More Fun with Windows 10, Yabba Dabba Do Bedrock Linux
Windows 10 is back in the news and back up to their old tricks. The latest Windows 10 updates has been reported to delete Linux partitions without confirmation or even warning. Even pure Windows users have reported unbootable systems and Linux is the bad guy in a security question with Linux on Windows. Elsewhere, Lumina Desktop Environment hit milestone version 1.0.0 today and Linux Mint had an oopsy with their Firefox 48 update. New Bedrock Linux introduced a different approach to universal packaging and Christine Hall shared her top five favorite Linux distributions.
Windows 10 still can't get updates right. Their latest one has rendered many users' systems unbootable and Microsoft tech support is telling them to re-install Windows 10 from scratch. Well, most of their personal files are on Microsoft servers anyway. But more tragically, this same update has been reported as deleting dual-booters' Linux partitions. Ubuntu's Alan Pope reported hearing such complaints on twitter last week. OMG!Ubuntu! reported on this and found other tweets of similar nature. This comes right about the same time last week that a hacker at Black Hat USA said that the permissions in the Linux kernel in Windows that allows Ubuntu and Linux applications to run are set in such a manner as to allow compatibility but also be vulnerable to intrusion. To hear the wider press tell it, it's that insecure Linux that's causing the vulnerability.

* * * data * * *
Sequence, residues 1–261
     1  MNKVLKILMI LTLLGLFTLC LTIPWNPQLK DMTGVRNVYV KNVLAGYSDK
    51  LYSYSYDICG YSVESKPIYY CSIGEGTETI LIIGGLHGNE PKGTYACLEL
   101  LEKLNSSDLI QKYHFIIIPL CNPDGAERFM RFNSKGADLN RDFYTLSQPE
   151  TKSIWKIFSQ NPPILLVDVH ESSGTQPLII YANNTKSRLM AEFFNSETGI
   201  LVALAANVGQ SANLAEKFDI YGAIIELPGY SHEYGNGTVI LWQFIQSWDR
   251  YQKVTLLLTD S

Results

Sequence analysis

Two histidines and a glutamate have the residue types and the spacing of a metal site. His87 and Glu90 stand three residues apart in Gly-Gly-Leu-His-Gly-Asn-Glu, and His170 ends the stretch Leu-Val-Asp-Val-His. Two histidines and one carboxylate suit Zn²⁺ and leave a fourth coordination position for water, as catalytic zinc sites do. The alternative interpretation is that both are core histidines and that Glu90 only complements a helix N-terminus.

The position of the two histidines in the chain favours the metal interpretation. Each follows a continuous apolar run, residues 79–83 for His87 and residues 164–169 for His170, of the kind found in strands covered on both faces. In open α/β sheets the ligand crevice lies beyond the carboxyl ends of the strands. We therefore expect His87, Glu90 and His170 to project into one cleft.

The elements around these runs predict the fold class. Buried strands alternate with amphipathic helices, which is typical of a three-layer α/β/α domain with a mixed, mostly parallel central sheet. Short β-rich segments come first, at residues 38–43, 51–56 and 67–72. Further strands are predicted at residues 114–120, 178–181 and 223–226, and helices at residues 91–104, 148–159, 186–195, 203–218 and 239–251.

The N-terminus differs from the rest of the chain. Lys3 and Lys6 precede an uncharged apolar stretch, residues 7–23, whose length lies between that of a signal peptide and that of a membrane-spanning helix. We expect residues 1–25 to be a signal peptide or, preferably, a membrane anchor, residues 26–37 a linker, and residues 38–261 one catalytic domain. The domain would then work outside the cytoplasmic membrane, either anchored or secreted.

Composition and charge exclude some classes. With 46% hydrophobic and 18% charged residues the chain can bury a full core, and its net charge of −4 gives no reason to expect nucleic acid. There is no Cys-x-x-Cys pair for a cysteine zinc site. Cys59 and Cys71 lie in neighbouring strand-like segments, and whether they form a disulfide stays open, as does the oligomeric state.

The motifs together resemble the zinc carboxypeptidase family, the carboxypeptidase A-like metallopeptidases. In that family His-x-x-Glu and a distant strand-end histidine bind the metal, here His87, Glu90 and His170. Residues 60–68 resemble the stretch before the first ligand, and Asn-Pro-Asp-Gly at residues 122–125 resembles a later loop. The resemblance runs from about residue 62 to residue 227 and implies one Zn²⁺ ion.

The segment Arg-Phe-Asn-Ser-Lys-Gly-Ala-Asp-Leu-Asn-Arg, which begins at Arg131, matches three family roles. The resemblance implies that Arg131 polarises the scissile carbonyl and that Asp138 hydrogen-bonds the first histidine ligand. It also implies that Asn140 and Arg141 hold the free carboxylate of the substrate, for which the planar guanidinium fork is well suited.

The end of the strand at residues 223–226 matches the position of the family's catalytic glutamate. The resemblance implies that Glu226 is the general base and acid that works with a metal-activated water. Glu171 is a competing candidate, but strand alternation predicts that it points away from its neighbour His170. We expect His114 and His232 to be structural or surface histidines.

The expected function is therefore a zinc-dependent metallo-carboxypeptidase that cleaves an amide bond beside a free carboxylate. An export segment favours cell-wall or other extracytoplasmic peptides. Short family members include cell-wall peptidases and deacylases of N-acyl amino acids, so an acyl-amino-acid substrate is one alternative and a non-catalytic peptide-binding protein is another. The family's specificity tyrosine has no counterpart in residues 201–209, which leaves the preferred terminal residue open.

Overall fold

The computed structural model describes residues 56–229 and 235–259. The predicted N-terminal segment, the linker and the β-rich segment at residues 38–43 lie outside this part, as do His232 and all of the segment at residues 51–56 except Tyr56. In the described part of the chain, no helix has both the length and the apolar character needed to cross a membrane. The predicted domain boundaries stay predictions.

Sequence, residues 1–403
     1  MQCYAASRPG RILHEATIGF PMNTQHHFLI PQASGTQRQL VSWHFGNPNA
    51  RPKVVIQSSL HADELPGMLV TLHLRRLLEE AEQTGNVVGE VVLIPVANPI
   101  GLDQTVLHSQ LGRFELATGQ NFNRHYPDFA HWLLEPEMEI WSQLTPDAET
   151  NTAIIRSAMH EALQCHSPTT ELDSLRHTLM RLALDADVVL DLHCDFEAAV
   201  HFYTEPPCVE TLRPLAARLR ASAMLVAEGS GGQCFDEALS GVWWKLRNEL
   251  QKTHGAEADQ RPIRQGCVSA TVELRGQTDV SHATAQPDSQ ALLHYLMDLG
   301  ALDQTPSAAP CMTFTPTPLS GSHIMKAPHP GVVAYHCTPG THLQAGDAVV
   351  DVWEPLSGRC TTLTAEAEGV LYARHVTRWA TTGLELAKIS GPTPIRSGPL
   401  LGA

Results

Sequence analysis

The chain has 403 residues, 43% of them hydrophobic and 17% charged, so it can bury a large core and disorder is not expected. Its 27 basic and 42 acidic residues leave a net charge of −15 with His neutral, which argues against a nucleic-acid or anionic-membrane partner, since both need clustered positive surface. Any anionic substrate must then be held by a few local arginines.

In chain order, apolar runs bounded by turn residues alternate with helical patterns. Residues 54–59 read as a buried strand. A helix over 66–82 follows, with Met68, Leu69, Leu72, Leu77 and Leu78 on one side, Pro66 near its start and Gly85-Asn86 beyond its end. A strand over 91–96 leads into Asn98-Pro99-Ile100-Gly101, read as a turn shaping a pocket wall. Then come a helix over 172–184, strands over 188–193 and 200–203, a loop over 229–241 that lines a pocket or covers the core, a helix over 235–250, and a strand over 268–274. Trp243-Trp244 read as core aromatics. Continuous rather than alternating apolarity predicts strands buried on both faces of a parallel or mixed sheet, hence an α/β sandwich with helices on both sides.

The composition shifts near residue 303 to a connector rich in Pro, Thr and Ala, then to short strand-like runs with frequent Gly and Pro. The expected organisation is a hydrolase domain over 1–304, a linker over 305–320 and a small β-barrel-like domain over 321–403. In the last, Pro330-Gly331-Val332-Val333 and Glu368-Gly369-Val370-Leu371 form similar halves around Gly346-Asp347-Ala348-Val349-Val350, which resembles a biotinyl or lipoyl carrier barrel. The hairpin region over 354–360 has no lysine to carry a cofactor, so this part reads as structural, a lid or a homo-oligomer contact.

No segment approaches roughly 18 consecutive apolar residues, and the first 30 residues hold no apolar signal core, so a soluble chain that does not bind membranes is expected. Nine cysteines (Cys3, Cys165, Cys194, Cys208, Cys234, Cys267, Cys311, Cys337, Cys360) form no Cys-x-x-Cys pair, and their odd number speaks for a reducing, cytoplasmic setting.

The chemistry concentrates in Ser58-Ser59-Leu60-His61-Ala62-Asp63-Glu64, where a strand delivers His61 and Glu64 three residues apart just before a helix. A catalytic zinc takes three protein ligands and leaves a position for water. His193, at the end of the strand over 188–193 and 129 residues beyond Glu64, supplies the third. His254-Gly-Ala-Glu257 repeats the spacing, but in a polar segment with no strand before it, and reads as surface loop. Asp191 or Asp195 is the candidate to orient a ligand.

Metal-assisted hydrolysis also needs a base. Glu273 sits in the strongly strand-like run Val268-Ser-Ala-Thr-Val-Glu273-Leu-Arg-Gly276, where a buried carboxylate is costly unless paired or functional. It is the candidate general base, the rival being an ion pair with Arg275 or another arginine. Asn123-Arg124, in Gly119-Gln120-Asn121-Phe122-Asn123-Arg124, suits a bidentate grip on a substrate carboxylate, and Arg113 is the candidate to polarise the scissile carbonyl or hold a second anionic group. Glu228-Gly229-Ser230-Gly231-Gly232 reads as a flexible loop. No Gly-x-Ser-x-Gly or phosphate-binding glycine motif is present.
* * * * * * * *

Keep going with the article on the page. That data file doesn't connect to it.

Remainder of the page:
Serdar Yegulalp covered an interesting new entry into the Linux arena today. Dubbed Bedrock Linux, it uses a virtual filesystem to allow several distributions to run at once or bits and pieces of several distributions to run at once. The method doesn't use virtual machines or containers. Yegulalp quoted Bedrock's example, "One could have an RSS feed reader from Arch Linux's AUR open a webpage in a web browser from Ubuntu's repos while both of them are running in an X11 server from Fedora."
Bedrock Linux uses virtual file systems to map the contents of various distributions into each other. The setup process involves installing one of any number of common distributions, then "hijacking" it to turn it into a Bedrock Linux installation.
Rcently the Mint project rolled out the Firefox 48 update for version 18 users. These updaters then reported that the search function no longer worked and some had issues with the right-click menu having extraneous and inoperative functions listed. Some users resorted to using the Ubuntu version of the browser, but a fix was found for users until a fixed version of Firefox 48 is pushed to repositories.
In other news:
* 5 Ways to Repurpose an Old PC with Open Source Software
* Lumina Desktop Environment Version 1.0.0 Released
* Is that a Debian all-in-one PC in your pocket?